Hans back here with more Below Radar-ness
Indeed, Brick kind of blew my mind. A high school crime movie where the characters speak as if they’ve lept from the pages of Dashiell Hammet or Raymond Chandler, it worked at a level of originality and vision that I’ve seldom seen from a young director. It possessed the wit and intelligence of its forefathers, but also brought a hell of a lot of energy and suspense to the table as well. It was obvious that Johnson had the goods, but taking micro-budget success and trying to replicate it at the next level is a common pratfall of young directors.
Where Johnson gets it right in his sophmore effort, The Brothers Bloom, is not to try to remake Brick (which he made for half a mil in his hometown) but to locate its energy and some of its themes in another story. Here Johnson lays his attention to con men, those authors of scams and heartbreaks who spend their time crafting the perfect narrative out of a crime. In Brick, the characters spoke in the romanticized tones of pop culture storytelling. In The Brothers Bloom, storytelling is the methodology by which the lead characters structure their lives.
That isn’t to say that everyone is happy about this. Indeed, the brothers Bloom couldn’t be more opposite when it comes to their takes on the con game. Stephen (Mark Ruffalo) is sly and calculating, enamored with his own ability to direct human behavoir as a master storyteller. Bloom (Adrien Brody) finds the ugly side of this: if he is forever a character in one of Stephen’s con games, then will he ever experience anything to call his own?
Probably not, which sends Bloom off on a journey for self-discovery at the beginning of the story. He winds up in Montenegro, drinking his days away until Stephen and their very silent partner, Bang Bang (Rinko Kickuchi) come a ringing with an idea for one last job. An easy mark that will ensure the gang a boatload of retirement cash.
The mark is Penelope (Rachel Weisz), an eccentric New Jersey heiress whom Stephen intends to sweep off her feet and then leave in the dirt deprived of a few million. The wooer in this case will be Bloom, who jumps back into his brother’s regime reluctantly, but is quickly striking up a sweet rapport with Penelope, a shut-in whose lonely life up to this point has seen both incomporable luxury and incomporable isolation.
That isn’t to say she doesn’t have spunk. In their first meeting, Penelope tells Bloom “I see people do things and then I get books and figure out how to do them myself.” In the film’s funniest sequence, she demonstrates this by playing piano, violin, guitar, dropping hip hop beats, juggling, and riding a thirty foot unicycle while Bloom looks up at her worriedly. She has no real family to speak of, and when Bloom mentions that he and his brother are in the antique business and on their way to Europe, she invites herself along.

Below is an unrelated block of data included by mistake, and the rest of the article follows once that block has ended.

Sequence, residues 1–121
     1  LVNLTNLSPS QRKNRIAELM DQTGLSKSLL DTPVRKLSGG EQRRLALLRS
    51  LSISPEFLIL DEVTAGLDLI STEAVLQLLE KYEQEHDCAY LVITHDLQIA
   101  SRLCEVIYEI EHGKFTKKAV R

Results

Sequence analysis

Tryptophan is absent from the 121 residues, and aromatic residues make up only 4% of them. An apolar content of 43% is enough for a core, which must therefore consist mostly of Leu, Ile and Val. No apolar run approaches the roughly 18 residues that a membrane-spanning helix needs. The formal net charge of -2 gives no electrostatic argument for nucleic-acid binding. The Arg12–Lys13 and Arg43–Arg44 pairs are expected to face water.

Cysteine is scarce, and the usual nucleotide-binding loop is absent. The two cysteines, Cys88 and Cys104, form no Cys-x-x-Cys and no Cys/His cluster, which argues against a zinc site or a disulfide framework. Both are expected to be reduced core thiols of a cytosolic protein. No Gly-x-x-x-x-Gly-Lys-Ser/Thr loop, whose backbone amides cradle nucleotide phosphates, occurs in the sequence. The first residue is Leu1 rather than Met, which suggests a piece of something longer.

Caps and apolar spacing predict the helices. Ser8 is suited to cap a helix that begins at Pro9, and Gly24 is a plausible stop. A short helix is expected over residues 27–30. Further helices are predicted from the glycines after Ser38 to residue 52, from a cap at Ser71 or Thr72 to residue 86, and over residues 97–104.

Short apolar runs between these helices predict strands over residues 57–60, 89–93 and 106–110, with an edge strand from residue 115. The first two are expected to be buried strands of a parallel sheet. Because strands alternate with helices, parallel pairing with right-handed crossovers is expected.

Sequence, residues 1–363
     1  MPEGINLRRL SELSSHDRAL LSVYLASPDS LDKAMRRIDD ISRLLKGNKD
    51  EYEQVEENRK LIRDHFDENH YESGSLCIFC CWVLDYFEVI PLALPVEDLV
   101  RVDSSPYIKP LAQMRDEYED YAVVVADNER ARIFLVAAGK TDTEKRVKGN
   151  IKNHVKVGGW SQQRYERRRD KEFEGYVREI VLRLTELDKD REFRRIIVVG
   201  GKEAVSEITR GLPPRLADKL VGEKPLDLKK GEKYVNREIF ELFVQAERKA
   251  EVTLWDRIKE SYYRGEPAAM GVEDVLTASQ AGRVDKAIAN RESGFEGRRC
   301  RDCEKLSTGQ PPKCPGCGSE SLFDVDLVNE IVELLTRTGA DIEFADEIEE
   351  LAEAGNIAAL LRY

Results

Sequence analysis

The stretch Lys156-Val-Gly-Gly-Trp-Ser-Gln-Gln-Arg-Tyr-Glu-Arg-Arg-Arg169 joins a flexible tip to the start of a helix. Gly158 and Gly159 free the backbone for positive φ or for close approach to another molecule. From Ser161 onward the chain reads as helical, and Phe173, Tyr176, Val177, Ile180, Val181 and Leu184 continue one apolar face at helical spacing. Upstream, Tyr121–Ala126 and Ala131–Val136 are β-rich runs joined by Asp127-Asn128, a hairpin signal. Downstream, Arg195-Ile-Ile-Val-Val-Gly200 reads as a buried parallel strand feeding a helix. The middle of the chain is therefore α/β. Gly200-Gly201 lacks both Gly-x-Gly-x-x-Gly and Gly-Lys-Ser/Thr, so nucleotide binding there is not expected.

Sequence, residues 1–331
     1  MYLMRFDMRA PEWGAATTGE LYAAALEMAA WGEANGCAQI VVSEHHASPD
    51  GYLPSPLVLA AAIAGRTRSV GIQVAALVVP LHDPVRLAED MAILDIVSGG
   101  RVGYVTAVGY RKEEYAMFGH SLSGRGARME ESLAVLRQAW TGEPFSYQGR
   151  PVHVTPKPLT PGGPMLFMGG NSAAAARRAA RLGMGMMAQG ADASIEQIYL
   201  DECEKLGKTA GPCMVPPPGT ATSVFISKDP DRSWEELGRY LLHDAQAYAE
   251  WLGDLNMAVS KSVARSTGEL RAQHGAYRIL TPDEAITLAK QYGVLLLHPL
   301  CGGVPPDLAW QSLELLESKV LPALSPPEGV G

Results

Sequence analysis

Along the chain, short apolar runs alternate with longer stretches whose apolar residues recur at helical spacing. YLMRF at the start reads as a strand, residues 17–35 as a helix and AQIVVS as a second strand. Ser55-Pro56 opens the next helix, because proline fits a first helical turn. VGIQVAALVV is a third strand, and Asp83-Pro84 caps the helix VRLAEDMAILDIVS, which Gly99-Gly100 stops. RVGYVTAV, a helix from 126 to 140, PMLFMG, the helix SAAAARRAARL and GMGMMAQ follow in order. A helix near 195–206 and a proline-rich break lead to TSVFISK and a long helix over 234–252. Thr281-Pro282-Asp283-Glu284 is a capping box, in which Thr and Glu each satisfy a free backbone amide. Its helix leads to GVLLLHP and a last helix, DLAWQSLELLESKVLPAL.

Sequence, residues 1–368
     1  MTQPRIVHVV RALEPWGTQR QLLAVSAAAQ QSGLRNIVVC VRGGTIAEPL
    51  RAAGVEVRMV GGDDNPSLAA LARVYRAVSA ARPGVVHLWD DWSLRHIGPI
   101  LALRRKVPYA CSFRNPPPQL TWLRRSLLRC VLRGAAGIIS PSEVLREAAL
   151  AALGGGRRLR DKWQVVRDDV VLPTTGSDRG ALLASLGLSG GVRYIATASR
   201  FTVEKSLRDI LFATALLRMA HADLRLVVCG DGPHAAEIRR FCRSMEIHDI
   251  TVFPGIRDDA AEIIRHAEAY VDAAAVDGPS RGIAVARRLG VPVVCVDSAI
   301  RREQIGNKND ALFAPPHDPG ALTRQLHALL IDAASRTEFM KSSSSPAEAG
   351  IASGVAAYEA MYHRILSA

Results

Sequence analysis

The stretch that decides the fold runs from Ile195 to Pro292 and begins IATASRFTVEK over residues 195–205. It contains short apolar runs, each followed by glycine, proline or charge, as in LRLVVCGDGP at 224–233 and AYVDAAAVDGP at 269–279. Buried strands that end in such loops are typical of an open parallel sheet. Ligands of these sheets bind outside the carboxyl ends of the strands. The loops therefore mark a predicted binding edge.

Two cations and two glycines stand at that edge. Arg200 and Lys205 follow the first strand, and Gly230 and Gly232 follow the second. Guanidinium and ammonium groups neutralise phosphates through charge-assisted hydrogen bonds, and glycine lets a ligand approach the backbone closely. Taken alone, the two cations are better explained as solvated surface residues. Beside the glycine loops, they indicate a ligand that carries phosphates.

When she has a moonlit encounter with a peculiar Frenchman (Robbie Coltrane) who seems to know the brothers’ past, she get suspicious of their intentions. But soon she is lead to believe that they are actually not con men, but ex-antique smugglers. She becomes fixated on the idea of starting up her own smuggling ring with the brothers, and they set out to steal an ancient prayer book from Coltrane and sell it on the black market. Meanwhile, Bloom and Penelope start to fall in love, which Stephen maintains is completely out of step with the plan, but Bloom can’t help it…
After this the plot gets kind of crazy but never so crazy that you can’t keep up. Much of it involves possible double crosses or possible con tricks by Stephen to get people out of the game or whatever. The brothers’ mentor, Diamond Dog (Maxmillian Schell) also makes an appearance and we wonder if he is planning a set up. Then there is a shootout involving some Russians and a number of car bombs. I’m making all of this sound slightly ridiculous, but it is a credit to Johnson’s screenplay that it never gets out of control; there is an emotional base to the story that you can follow even if you are struggling to keep up with the plot. I was fascinated by the characters.
The relationship of the brothers is well handled by Johnson and his two leads. A prologue sequence tells us that Stephen and Bloom have been there for each other their whole lives and have taken care of each other through foster homes and other hurtles. Ruffalo and Brody really sell this closeness well; when things go bad, Bloom seems to close his eyes and hope that it is all just a trick that Stephen has set up. Too often in movies I see brotherly relationships that hit on the same overtones of disdain and hatred. It is refreshing to see one where the brothers seem to genuinely need each other.
Rachel Weisz is both extremely fun and extremely complex in this film. We understand that she is an eccentric shut-in and that she needs an air of adventure in her life, but neither Johnson or Weisz stop there; they understand that there is a real sadness underlying her character. Weisz could have reduced this down to a straight comic performance, existing only for laughs and quirks. She actually builds a real character and creates quite a sweet romance with Brody who, after Hollywoodland and The Darjeeling Limited, is becoming more and more fascinating in these roles of lost, early 30s misfits.
One of the best things I can say about this movie is that it had the capacity to be all style, but Johnson respects his story and tells it with grace and seriousness. I felt the same way about Brick. The idea of film noir set in a high school could be ripe for comedy, but Johnson played it earnest and came out with a great film. The Brothers Bloom isn’t quite as good, but it has the same energy and inventive appeal. I was afraid that Johnson’s jump from freshman to sophmore film would be a little steep. He seems to have come out well with a film that is as enjoyable as it is well made. I heartily anticipate his third film.